Facebook is declaring early success for the new functionality on its site that lets members notify their friends what songs they're listening to online and makes it possible for notification recipients to play back those songs from within the Facebook interface.
Six weeks after Facebook launched this feature at its F8 developer conference, more than 1.5 billion song notifications have been shared on the site using participating music applications, the company said in a blog post.
"As a result, some of our biggest music developers have more than doubled their active users, while earlier-stage startups and services starting with a smaller base have seen anywhere between a 2-10x increase in active users," the blog post reads.
The first few days after the launch of this "social music" feature were a bit bumpy as some users complained that they wanted more granular controls over the notifications.
In response, Spotify -- the poster child for Facebook social music -- introduced a "private listening" mode so that people can shut off the notifications spigot when listening to music they don't want to share with their friends.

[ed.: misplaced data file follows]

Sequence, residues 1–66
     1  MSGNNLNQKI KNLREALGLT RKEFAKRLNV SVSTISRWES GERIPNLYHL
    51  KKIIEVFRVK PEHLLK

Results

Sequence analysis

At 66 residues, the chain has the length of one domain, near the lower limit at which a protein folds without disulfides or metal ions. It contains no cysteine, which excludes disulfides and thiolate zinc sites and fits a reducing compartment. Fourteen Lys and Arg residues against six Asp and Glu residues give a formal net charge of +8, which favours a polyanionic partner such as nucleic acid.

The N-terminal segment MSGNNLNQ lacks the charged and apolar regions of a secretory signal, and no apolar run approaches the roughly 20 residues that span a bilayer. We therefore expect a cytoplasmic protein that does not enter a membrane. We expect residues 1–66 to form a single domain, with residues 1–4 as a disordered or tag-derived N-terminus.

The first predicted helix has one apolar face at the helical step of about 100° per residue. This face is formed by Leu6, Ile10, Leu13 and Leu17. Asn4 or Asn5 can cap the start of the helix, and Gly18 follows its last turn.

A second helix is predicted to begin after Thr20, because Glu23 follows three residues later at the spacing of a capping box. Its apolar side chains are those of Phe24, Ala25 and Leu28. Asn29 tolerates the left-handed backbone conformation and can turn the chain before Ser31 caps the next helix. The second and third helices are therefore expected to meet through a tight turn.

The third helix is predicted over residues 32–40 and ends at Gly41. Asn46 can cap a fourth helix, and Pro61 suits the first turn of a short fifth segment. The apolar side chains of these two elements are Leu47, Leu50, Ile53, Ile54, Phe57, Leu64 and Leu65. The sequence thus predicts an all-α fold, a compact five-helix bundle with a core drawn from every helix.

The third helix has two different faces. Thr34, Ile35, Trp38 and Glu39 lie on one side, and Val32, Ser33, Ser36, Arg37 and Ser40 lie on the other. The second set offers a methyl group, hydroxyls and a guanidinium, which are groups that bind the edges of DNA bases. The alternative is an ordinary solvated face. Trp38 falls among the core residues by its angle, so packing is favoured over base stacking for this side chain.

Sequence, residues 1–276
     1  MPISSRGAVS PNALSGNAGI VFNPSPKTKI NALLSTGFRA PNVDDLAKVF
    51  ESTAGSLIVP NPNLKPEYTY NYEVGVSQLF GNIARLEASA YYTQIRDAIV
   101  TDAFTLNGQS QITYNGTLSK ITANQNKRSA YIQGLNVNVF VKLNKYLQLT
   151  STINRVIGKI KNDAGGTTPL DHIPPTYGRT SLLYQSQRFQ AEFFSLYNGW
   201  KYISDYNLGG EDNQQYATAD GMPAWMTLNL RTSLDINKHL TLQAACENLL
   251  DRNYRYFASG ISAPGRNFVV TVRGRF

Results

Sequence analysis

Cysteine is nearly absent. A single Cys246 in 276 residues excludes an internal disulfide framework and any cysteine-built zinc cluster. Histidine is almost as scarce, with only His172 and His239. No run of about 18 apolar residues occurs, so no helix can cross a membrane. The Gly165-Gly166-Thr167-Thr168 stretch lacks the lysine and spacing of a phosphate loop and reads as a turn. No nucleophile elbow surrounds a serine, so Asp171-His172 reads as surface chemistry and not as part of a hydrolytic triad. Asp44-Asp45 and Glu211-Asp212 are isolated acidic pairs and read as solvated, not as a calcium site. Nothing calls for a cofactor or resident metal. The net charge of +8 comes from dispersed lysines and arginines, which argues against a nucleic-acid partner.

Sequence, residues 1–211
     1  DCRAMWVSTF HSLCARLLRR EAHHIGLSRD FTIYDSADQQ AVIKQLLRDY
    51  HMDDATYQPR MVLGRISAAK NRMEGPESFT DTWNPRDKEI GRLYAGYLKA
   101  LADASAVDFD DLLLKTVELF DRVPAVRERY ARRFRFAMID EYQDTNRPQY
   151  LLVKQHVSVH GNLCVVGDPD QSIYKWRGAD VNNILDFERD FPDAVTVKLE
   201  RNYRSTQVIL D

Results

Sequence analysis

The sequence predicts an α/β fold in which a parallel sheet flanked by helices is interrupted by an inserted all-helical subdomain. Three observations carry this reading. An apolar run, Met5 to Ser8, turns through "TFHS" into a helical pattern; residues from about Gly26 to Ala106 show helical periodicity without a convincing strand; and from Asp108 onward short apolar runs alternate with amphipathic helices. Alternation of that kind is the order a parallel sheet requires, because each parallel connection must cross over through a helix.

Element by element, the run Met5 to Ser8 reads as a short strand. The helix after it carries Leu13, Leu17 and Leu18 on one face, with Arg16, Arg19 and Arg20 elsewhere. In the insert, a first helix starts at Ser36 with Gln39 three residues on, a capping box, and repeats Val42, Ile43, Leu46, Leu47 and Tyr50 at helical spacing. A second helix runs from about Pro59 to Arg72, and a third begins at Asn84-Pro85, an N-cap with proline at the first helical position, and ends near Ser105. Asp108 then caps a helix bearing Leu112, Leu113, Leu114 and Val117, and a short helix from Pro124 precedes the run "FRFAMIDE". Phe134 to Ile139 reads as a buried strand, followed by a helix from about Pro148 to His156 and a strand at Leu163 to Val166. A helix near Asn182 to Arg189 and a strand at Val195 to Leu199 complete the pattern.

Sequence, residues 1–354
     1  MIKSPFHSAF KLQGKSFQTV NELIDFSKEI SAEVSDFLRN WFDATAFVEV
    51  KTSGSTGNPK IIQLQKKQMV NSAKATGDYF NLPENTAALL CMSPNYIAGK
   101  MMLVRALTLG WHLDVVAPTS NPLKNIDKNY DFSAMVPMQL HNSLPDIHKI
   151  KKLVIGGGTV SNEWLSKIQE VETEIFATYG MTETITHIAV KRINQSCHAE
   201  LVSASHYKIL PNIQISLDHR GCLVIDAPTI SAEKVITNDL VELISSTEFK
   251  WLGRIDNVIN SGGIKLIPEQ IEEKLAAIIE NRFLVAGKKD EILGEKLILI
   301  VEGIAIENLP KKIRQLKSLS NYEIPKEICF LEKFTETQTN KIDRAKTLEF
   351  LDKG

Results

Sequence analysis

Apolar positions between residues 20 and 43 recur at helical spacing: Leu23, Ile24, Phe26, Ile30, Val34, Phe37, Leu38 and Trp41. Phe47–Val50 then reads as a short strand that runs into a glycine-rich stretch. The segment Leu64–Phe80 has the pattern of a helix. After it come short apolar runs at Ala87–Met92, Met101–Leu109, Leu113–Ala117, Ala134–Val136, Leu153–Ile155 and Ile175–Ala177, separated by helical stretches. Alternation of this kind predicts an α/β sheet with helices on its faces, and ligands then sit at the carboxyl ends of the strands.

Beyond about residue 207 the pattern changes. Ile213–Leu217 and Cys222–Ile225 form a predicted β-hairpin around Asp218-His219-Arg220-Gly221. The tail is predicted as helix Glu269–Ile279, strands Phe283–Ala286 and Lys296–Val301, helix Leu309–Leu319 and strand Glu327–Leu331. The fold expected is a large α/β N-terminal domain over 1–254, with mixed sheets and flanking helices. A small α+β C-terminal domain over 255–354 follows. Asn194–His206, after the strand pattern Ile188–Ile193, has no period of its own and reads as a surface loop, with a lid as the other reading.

This week, Facebook reported that, since F8, Spotify has gained more than 4 million users, while online music provider MOG has seen its user base grow 246 percent. Other music apps seeing strong growth in usage are Earbits, Rdio, Slacker and Deezer, according to Facebook.
"It's still early, but these results show that the Open Graph can be a powerful discovery mechanism for users and drive significant growth for developers," the blog post reads.
Facebook is also providing similar social sharing capabilities for other media, such as news articles, movies and TV shows with partners like Yahoo, Netflix and Hulu.